Afghanistan: 57 Insurgent Attacks a Day; Taliban Vow Major Campaign; Karzai to Visit Washington

The guerrilla forces in Afghanistan had launched new attacks on NATO and Afghanistan National Army targets in the past few days, after weeks in which they were busy making sure to get their cut of the profits from the poppy-based heroin trade. The return to the battlefield is an annual late spring and summer ritual for those Pashtun groups and tribes that reject the presence in their country of foreign troops and oppose the government of Hamid Karzai.

At the same time, Taliban commanders vocally announced their planned offensive, probably to divert the spotlight from President Hamid Karzai’s trip to the United States. That visit is said to involve attempts at reconciliation between Obama and Karzai, after a year in which Washington had made it clear it hoped Karzai would lose the presidential election, and during which a sulky Karzai (having stolen the election fair and square) kept saying alarming and erratic things about joining up with the Taliban if the Americans pressured him too much.

Among the disputes between Washington and Kabul are Karzai’s attempts to negotiate directly with guerrilla leaders, whom the US inaccurately generalizes as “Taliban” (many are former US allies from the 1980s and not Taliban at all). Washington would prefer that these forces not be brought into any future Afghanistan government. Most Afghans themselves, including professional women, seem to favor talks with the Taliban and other guerrilla groups.

Negotiations are certain to be part of the mix in any attempt to resolve the crisis. The military situation is getting worse. There were 400 attacks in the past week in Afghanistan, 60 percent of them by roadside bomb There were over 1,000 roadside bomb attacks in April 2010, twice as many as in April 2009.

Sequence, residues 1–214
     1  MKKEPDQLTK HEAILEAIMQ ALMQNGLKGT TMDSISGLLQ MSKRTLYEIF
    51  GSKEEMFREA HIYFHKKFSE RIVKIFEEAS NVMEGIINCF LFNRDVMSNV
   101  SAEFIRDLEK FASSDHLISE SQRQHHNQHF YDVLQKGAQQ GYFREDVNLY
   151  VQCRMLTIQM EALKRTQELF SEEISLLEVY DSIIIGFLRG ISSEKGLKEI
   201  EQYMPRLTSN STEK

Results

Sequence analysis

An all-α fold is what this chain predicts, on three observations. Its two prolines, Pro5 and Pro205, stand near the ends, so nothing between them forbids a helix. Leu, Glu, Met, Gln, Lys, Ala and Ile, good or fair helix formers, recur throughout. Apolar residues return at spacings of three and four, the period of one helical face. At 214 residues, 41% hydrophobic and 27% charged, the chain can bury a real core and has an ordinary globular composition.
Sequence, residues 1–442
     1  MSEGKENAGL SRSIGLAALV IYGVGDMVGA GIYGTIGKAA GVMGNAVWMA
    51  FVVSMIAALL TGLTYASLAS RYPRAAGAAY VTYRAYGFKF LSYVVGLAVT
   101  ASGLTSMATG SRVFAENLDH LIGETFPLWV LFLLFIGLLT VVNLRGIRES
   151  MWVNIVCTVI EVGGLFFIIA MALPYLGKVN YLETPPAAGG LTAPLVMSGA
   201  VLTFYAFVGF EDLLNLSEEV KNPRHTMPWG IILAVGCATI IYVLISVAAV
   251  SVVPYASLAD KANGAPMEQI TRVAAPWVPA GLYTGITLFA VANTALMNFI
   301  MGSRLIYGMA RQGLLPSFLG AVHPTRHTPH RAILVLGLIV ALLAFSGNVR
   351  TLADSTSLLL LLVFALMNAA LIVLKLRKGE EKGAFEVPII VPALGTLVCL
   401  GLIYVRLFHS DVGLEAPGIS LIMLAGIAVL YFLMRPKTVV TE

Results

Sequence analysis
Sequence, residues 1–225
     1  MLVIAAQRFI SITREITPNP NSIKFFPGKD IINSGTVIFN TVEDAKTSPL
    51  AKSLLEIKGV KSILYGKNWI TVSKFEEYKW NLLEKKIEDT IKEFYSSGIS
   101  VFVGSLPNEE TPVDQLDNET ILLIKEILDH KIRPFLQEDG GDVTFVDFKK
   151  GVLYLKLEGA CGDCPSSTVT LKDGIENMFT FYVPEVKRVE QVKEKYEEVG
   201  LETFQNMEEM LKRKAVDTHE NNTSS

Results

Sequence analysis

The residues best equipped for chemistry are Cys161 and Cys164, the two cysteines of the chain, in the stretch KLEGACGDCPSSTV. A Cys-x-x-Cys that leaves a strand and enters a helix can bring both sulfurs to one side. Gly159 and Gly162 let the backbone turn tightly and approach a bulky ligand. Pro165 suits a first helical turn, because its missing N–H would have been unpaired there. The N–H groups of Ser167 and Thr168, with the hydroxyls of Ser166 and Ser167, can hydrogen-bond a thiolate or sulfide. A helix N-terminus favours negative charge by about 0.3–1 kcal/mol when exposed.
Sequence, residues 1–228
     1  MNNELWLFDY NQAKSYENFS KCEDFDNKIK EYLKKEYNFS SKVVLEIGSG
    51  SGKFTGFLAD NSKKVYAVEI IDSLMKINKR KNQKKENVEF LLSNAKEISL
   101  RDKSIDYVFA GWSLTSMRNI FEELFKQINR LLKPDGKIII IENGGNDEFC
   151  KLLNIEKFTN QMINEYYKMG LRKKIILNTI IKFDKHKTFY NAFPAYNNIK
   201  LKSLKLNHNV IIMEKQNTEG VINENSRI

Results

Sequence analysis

This number of attacks per day, some 57, about 34 of them roadside bombs, is breathtaking. That level of violence is what characterized Iraq in March, 2005, before the Sunni-Shiite civil war. The year 2005 was a bloody year in Iraq, and nobody but then Secretary of Defense Donald Rumsfeld doubted we were mired in a vicious guerrilla war.

Among the other signs of increasing violence : The attack on Wednesday by suicide bombers on provincial government buildings and offices in Naranj, the capital of Nimroz Province in the southwest of the country. Among those they targeted for killing was female provincial council member and poet Gul Makai Wakili, a women’s rights activist in Naranj. Two policemen and one other were killed before government forces could cut down the 6 attackers.

5 Responses

  1. [...] “The military situation is getting worse. There were 400 attacks in the past week in Afghanistan, 60 percent of them by roadside bomb There were over 1,000 roadside bomb attacks in April 2010, twice as many as in April 2009.”SOURCE: [...]

  2. “This number of attacks per day, some 57, about 34 of them roadside bombs, is breathtaking.”

    I don’t know what to say, except that “breathtaking” might be too cautious.

    The “surge” is working about as well as the “surge” in Iraq, that is to say, it’s not working at all. except in a few people’s imaginations.

  3. [...] this upsurge in violence and what it means for the two countries. See his three recent articles Afghanistan: 57 Insurgent Attacks a Day; Taliban Vow Major Campaign; Karzai to Visit Washington, Guerrilla War Continues: 31 Killed in Iraq Attacks; Allawi, Maliki Meet, and Iraq Death Toll from [...]

  4. [...] The level of violence is increasing.  The pace of violence resembles post-Fallujah Iraq before the Iraqi civil war went into full swing and US forces turned a blind eye to the majoritarian ethnic cleansing of Baghdad and other disputed belts by nominally friendly militias.  There are no such internal splits among Afghanistan's Pashtun populations that could produce such a useful and plausibly deniable militia movement that could go after Taliban and other Pashtun tribal fighters on their own ground.  From Juan Cole: [...]

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